Rupe, who was inducted into the Rock & Roll Hall of Fame in 2011, died on Friday (April 15) at his home in Santa Barbara, California, according to the Arthur N Rupe Foundation. A cause of death has not been disclosed.
Born Arthur Goldberg, Rupe was raised outside the Pittsburgh area. According to the foundation, he “attended college at Virginia Tech and Miami University of Ohio, and in 1939 set off for Los Angeles to make his way in the world.”
He changed his surname to Rupe after moving West, after learning from his grandfather that it was the family name before Goldberg was adopted at Ellis Island.
During World War II, Rupe worked at Terminal Island testing ships. However, with a passion for blues, gospel and R&B music, he formed Juke Box Records with partner Ben Siegert in 1944. The label had a regional hit with the Sepia Tones’ ‘Boogie No. 1’.
Two years later, in 1946, Rupe parted ways with Juke Box and founded Specialty Records. “Over the next 15 years, Specialty became one of the most prominent independent recording companies, with worldwide distribution,” per the foundation. “Rupe’s work at Specialty played a key role in the emergence of the new musical genre of rock ‘n‘ roll.”
Little Richard was the label’s biggest hitmaker, starting with the classic ‘Tutti Frutti’ in 1955. Other Specialty hits by Little Richard included ‘Long Tall Sally’, ‘Good Golly Miss Molly’ and ‘Rip it Up’.
In a 2011 interview for the Rock Hall archives, Rupe said: “There was something in Little Richard’s voice I liked.”
Elsewhere, Sam Cooke recorded some songs at Specialty in the mid-1950s after wanting to expand his appeal beyond gospel; one of those tracks included ‘You Send Me’. Other artists that recorded for Specialty included Lloyd Price, Roy Milton and Percy Mayfield.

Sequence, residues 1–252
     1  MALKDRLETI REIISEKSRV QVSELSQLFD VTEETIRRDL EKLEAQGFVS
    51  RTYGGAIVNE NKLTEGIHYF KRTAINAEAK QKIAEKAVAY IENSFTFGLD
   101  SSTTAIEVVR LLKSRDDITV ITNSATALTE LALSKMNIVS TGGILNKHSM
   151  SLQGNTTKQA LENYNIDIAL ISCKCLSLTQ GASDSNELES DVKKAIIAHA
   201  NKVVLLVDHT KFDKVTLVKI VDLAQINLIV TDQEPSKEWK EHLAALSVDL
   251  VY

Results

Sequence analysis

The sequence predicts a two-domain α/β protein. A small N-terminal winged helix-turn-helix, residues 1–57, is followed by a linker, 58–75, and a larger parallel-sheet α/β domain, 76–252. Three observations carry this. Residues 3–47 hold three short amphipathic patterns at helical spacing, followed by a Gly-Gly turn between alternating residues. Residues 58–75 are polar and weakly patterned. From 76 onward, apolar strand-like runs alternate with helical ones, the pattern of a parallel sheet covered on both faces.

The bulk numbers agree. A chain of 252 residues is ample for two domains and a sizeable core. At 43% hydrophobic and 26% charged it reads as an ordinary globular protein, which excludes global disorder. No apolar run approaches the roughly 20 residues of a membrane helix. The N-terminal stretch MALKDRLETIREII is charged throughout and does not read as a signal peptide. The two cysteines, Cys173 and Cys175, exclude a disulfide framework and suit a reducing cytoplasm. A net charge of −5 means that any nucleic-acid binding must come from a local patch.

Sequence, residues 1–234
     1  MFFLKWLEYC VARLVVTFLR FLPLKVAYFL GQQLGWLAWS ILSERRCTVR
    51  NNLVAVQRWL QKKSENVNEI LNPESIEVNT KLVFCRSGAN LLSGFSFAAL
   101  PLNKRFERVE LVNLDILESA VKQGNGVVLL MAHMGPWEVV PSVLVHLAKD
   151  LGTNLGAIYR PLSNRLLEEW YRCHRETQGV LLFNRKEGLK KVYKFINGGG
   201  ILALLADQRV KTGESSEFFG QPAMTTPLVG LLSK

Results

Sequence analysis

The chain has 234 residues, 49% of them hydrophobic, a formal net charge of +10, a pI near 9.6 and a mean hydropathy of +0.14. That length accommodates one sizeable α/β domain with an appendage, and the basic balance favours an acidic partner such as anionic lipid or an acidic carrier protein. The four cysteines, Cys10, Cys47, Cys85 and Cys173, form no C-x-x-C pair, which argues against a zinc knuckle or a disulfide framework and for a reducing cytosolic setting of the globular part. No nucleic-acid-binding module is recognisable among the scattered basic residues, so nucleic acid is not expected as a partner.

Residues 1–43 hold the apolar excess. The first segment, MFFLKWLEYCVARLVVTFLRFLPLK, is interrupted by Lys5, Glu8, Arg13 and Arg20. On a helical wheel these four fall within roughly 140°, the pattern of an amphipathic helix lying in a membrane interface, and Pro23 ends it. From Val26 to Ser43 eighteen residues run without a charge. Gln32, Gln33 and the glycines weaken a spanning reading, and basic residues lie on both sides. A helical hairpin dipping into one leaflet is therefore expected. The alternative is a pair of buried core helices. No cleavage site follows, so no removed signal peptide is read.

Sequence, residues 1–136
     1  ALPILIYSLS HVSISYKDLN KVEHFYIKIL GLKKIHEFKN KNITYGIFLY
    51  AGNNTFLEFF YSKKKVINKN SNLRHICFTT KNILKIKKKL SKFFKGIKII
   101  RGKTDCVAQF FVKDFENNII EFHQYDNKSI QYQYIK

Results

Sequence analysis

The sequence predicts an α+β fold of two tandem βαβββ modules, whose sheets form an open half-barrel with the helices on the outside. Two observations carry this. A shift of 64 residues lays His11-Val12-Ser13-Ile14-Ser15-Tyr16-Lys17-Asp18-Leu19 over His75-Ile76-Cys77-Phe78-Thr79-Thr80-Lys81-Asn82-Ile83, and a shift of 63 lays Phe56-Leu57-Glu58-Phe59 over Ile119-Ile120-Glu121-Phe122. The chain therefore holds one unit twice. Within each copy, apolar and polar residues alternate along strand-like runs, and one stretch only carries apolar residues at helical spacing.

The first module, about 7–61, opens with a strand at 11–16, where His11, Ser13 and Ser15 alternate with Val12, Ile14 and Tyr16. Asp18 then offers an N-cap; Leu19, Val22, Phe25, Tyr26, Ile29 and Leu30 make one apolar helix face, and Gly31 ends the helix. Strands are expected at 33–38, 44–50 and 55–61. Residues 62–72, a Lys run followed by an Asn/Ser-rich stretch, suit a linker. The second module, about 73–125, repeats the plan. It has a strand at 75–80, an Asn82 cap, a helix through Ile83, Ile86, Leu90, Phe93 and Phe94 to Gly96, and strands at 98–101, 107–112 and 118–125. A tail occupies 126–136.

Specialty’s masters were acquired by Saul Zaentz’s Fantasy Records in 1990. Today they’re owned and distributed by indie music giant Concord.
Tributes are being paid to Rupe on social media, including one from Grammy-winning musician and rock ‘n‘ roll historian Billy Vera, who wrote: “It is with great sadness I report the passing at 6:30 this morning of my friend and one of the great men I’ve known, Art Rupe, founder of Specialty Records and who discovered Little Richard, Sam Cooke, Lloyd Price and other great artists. RIP my friend.”
It is with great sadness I report the passing at 6:30 this morning of my friend and one of the great men I've known, Art Rupe, founder of Specialty Records and who discovered Little Richard, Sam Cooke, Lloyd Price and other great artists. RIP my friend. pic.twitter.com/fVDPHx06It
— Billy Vera (@billybeater) April 15, 2022
You can see other tributes below:
Rock and roll as we know it would not exist without 2011 Inductee Art Rupe. As founder of Specialty Records in 1945, Rupe brought R&B and soul into the mainstream and helped ignite the rock revolution. pic.twitter.com/7eQO9Zmuyl
— Rock Hall (@rockhall) April 16, 2022
— Team Love Records (@teamloverecords) April 15, 2022
Please join us in remembering legendary label executive and producer Art Rupe, who passed away yesterday at the age of 104. He founded Specialty Records in 1944 and helped launch the careers of early rock and R&B icons, including Little Richard. 🤍
📸: Michael Ochs Archives pic.twitter.com/MwdzVmN8Us
— Craft Recordings (@CraftRecordings) April 16, 2022
Two things I learned today. Art Rupe of Specialty records just died at 104; PG Wodehouse’s grandfather fought at Waterloo pic.twitter.com/Ef2NdUv16q
— David Hepworth (@davidhepworth) April 17, 2022
Rupe is survived by his daughter Beverly Rupe Schwarz, son-in-law Leo Schwarz, and granddaughter Madeline Kahan.